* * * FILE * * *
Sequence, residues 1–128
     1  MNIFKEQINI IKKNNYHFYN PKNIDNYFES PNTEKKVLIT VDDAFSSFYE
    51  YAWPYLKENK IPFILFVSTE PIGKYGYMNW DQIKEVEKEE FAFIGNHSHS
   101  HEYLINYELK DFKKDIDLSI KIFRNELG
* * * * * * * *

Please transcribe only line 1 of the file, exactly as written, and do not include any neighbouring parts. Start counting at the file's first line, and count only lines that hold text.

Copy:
Sequence, residues 1–128